Are you worried that your twins are being seen as ‘the twins’ rather than individuals? Twin mum and founder of Twinfo, Naomi shares five tips on how to foster individuality in twins.
You will never forget the moment you find out you are pregnant with twins or triplets!
Right from conception, your multiples are together. They begin as womb mates and then more often than not they become roommates. And then, more so for their own sanity, the majority of parents keep twins/triplets are on similar routines. This means they are fed together (or literally one after the other), bathed together (or after another), they are fed the same foods, and some parents even dress them in matching outfits.
Ironically while parents are very concerned about treating their multiples equally, this can lead to difficulties in allowing the child to develop their own identity.
Here are five tips to help foster individuality in twins and multiples.
1. Recognising individual strengths and weaknesses
Recognise and acknowledge their different strengths and weaknesses, their individual likes and dislikes and encouraging their different interests. Don’t assume that that because one likes capsicum the other will as well. My seven year old twins have very different food tastes. One only likes green apples and the other will only eat red apples! I acknowledge this by buying both types of apples and always ensuring that the green apple goes in the right child’s lunchbox. Celebrate when one child wins an award, or does well in a swimming race.
2. One-on-one time
While this is difficult, especially if you have other children, it is very important to find some special one-on-one time. Note that this doesn’t have to be a whole day. Take what you can make, be it just 5-10 minutes of uninterrupted time with one child. This may be as simple as reading a book of their choice to just that child, or taking one grocery shopping while the other stays at home.
Take advantage of the fact that maybe one wakes earlier, or maybe isn’t as tired as the other to spend 10 minutes playing with their favourite toy with them. Sometimes we might go to the shops as a family, and then split up, taking one child each.
Some families I know have put their multiples into daycare on different days so they can spend one day a week with just one child. Other families have a deal with the daycare that they just pay for one spot on a certain day (or two spots if you have triplets) and just alternate who goes on that day. This is a bit more financially viable, but will depend on your daycare.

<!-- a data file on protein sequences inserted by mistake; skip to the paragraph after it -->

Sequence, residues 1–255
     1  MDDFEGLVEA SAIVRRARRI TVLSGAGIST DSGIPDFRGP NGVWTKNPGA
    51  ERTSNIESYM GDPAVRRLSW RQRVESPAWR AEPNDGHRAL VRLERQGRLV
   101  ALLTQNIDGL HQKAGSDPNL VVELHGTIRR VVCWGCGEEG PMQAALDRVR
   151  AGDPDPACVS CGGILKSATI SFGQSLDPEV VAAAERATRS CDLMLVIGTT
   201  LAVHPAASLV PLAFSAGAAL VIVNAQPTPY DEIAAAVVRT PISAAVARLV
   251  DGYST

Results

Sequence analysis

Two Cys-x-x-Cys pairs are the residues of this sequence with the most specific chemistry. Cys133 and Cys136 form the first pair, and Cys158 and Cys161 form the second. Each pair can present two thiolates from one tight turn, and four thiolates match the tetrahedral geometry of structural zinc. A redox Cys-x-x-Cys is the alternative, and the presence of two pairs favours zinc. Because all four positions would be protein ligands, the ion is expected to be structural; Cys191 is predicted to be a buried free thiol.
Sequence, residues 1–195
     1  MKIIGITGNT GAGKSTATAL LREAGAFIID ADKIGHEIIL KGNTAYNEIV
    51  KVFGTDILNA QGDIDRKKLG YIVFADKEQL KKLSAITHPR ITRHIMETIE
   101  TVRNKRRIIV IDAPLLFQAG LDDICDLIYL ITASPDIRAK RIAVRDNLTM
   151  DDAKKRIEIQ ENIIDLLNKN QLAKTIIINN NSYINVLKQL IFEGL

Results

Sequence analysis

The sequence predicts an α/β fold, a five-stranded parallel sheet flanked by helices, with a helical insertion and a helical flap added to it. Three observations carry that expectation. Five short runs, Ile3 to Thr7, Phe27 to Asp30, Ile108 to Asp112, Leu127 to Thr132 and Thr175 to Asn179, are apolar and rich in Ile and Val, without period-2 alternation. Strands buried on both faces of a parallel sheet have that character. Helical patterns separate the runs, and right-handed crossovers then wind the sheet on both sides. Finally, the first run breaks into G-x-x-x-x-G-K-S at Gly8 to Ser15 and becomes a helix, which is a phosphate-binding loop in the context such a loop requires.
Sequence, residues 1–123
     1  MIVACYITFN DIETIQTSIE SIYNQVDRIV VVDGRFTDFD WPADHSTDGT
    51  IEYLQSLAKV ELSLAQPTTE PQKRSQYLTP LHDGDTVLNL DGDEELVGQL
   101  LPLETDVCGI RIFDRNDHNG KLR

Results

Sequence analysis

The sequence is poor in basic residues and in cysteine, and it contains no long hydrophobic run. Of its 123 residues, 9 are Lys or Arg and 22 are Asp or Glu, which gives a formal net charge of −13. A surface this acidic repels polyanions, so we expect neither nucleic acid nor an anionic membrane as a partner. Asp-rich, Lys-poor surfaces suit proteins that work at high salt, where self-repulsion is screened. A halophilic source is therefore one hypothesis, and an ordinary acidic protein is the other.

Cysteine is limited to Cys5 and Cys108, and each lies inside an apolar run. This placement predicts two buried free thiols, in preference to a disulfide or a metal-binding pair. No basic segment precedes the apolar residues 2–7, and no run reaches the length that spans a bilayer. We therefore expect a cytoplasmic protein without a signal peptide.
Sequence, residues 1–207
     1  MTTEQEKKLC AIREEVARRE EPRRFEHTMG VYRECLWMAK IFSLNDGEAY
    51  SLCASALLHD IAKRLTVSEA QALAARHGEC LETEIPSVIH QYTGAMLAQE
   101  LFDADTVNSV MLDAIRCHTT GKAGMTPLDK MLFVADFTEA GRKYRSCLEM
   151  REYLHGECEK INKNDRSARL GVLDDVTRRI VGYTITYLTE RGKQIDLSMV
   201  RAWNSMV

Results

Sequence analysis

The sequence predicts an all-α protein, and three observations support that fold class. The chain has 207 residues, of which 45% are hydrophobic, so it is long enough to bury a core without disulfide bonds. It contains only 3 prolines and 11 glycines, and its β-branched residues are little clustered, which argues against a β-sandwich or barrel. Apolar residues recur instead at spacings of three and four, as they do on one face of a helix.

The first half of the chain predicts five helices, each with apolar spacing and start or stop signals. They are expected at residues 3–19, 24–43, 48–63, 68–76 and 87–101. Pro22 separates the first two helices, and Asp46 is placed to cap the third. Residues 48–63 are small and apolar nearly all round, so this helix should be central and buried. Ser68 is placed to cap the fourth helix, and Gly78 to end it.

3. Enrol them in separate activities
Depending on the activity, this has several benefits. Not only are you recognising your multiples as individuals and allowing them to explore their own interests, it may (depending on if you have other children) allow you to spend that time just with the other child. So while Jilly is doing gymnastics, for example, you can spend time with your other child/children.
Alternatively, book their swimming lessons one after another so while one child is in the water you are free to spend time with then other/s. Or you can see if you can negotiate the same thing as mentioned previously about the daycare. For example, with twins, just book one lesson and alternate who goes in the water, allowing you to spend time with the other child.
4. Encourage sleepovers at Grandparents/Aunts/Uncles
As much as some parents desperately would love a child free night, it is equally as important to just spend one-on-one time with your children. Sending one (or more) child/ren off for a sleepover is a perfect way to spend some quality time with just one of your children. This allows the child at home to have the full attention of their parent/s. And having a single child at home seems sooooo easy!!! If your children are still very young, maybe see if they can just have a few hours during the day at a family members house, while you stay home with just one child.
5. Don’t insist on both children attending the same playdates
Older multiples do not have to have the same playdates. It is perfectly reasonable to organise a playdate for just one child. Obviously if they have the same friends, then it is totally acceptable for everyone to play together.
As good as this may sound, in reality at the end of the day you still need to do what works for your family. And as we all know, having multiples means sometimes the best intentions don’t go according to plan.
Passionate about all things multiple, Naomi is the founder of Twinfo and a twin mum herself. Twinfo is a community for multiple birth parents and has services and products that truly meet the needs of multiple birth families. To find out more about Twinfo, visit us at www.twinfo.com.au and join us on Facebook @TwinfoAustralia https://www.facebook.com/TwinfoAustralia